Getting your LinkedIn profile sorted

Does your LinkedIn profile need a health check ?

This is the first of a series of posts on how to  get the best out of your online presence and today we’re starting out with LinkedIn. You might not have your website you can be proud of but LinkedIn is a great place to start setting out your stall in terms of who you are as a clinician.

Why does LinkedIn work?

Well, fundamentally, it builds your on-line presence that insures at least of some of the information that a Google search brings up about you, is accurate. This is because you have control over what’s in your LinkedIn profile – rather that what other people randomly write about you.

These are our top Private Practice Ninja tips for getting it right for the clinician.

1.) Your profile picture. There is no bigger crime than a bad LinkedIn photo. It’s time to ditch the blurred iPhone selfie you took at your mates wedding/that photo only your mum would love/or the one that’s on your hospital ID badge that makes you look like a constipated murder suspect. It’s time to hire a professional photographer – a great opportunity to get several shots you really love in one sitting, that you can use across various social media platforms.

2.) It’s really important to include a summary that’s very engaging. Don’t bore the reader with what you do, shout out about what you love to do. If you like treating onychogryphosis then tell us about it. At the same time, share a little bit about who you are. Knowing that you are at third generation BBQ master and triathlete shows that you are human.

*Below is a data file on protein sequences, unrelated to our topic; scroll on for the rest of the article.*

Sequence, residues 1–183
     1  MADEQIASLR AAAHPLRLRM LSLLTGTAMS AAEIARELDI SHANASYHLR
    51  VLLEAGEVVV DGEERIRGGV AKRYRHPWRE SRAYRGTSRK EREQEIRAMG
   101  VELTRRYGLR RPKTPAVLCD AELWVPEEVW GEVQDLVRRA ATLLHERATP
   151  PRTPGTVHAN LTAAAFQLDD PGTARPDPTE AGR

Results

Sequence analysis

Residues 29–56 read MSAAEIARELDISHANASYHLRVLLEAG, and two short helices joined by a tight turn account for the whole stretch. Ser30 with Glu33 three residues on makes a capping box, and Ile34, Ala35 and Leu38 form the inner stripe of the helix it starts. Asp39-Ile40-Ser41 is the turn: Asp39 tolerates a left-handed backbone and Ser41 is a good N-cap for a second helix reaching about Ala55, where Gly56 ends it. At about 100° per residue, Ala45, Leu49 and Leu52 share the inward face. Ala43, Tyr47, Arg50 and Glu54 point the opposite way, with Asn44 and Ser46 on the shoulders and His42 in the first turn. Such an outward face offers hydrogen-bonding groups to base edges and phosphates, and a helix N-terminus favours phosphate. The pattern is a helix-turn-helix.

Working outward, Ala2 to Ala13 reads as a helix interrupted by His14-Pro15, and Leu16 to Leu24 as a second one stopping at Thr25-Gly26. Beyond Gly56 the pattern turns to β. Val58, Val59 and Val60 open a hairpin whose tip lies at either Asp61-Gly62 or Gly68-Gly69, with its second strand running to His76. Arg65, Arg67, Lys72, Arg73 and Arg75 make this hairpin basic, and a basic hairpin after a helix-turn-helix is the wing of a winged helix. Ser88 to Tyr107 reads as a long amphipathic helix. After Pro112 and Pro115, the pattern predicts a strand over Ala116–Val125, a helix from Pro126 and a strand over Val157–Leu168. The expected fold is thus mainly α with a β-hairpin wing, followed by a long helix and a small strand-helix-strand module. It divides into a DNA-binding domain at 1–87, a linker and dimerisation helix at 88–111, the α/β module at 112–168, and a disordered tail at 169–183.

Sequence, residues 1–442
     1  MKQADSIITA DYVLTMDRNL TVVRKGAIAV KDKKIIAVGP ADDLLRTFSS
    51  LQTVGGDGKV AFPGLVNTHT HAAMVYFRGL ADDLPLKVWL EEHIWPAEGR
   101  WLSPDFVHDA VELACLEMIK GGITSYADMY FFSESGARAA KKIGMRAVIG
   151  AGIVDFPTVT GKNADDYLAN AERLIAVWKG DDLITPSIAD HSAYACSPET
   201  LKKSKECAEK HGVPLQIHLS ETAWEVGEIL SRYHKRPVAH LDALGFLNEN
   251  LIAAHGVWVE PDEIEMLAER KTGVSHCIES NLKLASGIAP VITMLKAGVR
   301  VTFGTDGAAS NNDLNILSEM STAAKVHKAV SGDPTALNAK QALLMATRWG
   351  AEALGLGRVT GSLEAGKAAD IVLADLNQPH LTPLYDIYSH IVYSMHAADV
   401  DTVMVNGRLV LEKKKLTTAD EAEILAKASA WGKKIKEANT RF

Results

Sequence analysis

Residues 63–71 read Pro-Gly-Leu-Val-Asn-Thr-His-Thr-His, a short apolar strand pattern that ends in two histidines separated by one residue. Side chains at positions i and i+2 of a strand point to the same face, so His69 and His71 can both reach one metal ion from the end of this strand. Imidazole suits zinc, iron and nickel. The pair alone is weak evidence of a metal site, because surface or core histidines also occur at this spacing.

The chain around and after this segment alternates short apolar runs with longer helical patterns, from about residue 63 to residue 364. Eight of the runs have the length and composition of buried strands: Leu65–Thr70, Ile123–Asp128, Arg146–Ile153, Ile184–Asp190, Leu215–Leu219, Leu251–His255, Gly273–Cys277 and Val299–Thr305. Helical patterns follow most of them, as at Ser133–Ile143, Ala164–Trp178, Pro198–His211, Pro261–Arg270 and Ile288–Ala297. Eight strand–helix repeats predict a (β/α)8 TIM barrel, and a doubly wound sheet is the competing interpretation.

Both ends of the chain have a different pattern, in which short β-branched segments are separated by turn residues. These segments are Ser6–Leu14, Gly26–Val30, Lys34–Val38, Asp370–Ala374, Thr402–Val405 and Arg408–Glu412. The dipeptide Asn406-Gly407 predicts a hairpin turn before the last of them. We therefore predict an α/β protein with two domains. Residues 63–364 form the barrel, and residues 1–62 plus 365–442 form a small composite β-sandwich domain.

3.) Try to include some key words that are really relevant to your work. We want to know that you are nifty in terms of wielding an arthroscope or that you are particularly specialise in anaesthetising children. Niche down a little bit here and use terms that your readers would search for, rather than medical jargon which might not first come to mind.

4.) Don’t make it a long snooze fest of a CV. Nobody really cares that you researched long chain fatty acids in you intercalated year, but they might want to know that you spent time working with talented folks at the Mayo clinic or Cirque du Soleil.

5.) Remember to make it lay person friendly. This is a great way to be able to showcase your talents and achievements you are most proud of, using a voice that comes across as being both professional and engaging. Whilst it’s a good idea to steer away from anything too political (or God forbid, anything a little bit ‘potty mouthed’) thinking of LinkedIn as site for Facebook users who want to show case the best of their professional talents, isn’t too far wrong. Keep in mind that people Google you whether you like it or not, so why not show them the best of yourselves.

Next time we are going to be talking about the importance of posting on LinkedIn click here to receive our free guide on how to construct a blog post.

Sometimes, we all need a little extra help in building our practices – from a business perspective, as well as a clinical one.
Through sharing my marketing and business skills with Orthopaedic Surgeons, Consultant Physicians, Physios and Osteos, they’ve been spared valuable time re-inventing the wheel. I’ve helped them attract more of their ideal patients, streamline their processes and develop their successful, profitable practices.

Sometimes, we all need a little extra help in building our practices – from a business perspective, as well as a clinical one.

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